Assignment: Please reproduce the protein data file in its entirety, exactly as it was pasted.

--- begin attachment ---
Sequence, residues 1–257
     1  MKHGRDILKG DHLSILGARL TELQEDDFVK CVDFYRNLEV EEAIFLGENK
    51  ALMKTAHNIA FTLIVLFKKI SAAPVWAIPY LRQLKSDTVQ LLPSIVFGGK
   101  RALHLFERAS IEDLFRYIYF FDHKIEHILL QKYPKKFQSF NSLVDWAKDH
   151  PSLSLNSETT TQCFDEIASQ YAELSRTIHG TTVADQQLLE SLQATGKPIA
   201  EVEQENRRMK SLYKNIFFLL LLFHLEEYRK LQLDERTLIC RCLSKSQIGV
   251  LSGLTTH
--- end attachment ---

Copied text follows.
Sequence, residues 1–257
     1  MKHGRDILKG DHLSILGARL TELQEDDFVK CVDFYRNLEV EEAIFLGENK
    51  ALMKTAHNIA FTLIVLFKKI SAAPVWAIPY LRQLKSDTVQ LLPSIVFGGK
   101  RALHLFERAS IEDLFRYIYF FDHKIEHILL QKYPKKFQSF NSLVDWAKDH
   151  PSLSLNSETT TQCFDEIASQ YAELSRTIHG TTVADQQLLE SLQATGKPIA
   201  EVEQENRRMK SLYKNIFFLL LLFHLEEYRK LQLDERTLIC RCLSKSQIGV
   251  LSGLTTH